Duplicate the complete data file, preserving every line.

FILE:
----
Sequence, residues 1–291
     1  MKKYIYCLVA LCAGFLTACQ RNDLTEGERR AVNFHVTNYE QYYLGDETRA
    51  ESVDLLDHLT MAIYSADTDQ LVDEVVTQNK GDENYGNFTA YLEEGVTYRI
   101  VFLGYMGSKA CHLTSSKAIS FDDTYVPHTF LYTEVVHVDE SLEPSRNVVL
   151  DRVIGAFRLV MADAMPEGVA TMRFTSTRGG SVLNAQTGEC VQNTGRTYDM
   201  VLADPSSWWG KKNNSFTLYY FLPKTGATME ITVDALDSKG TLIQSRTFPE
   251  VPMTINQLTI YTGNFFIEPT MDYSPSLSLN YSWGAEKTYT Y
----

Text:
Sequence, residues 1–291
     1  MKKYIYCLVA LCAGFLTACQ RNDLTEGERR AVNFHVTNYE QYYLGDETRA
    51  ESVDLLDHLT MAIYSADTDQ LVDEVVTQNK GDENYGNFTA YLEEGVTYRI
   101  VFLGYMGSKA CHLTSSKAIS FDDTYVPHTF LYTEVVHVDE SLEPSRNVVL
   151  DRVIGAFRLV MADAMPEGVA TMRFTSTRGG SVLNAQTGEC VQNTGRTYDM
   201  VLADPSSWWG KKNNSFTLYY FLPKTGATME ITVDALDSKG TLIQSRTFPE
   251  VPMTINQLTI YTGNFFIEPT MDYSPSLSLN YSWGAEKTYT Y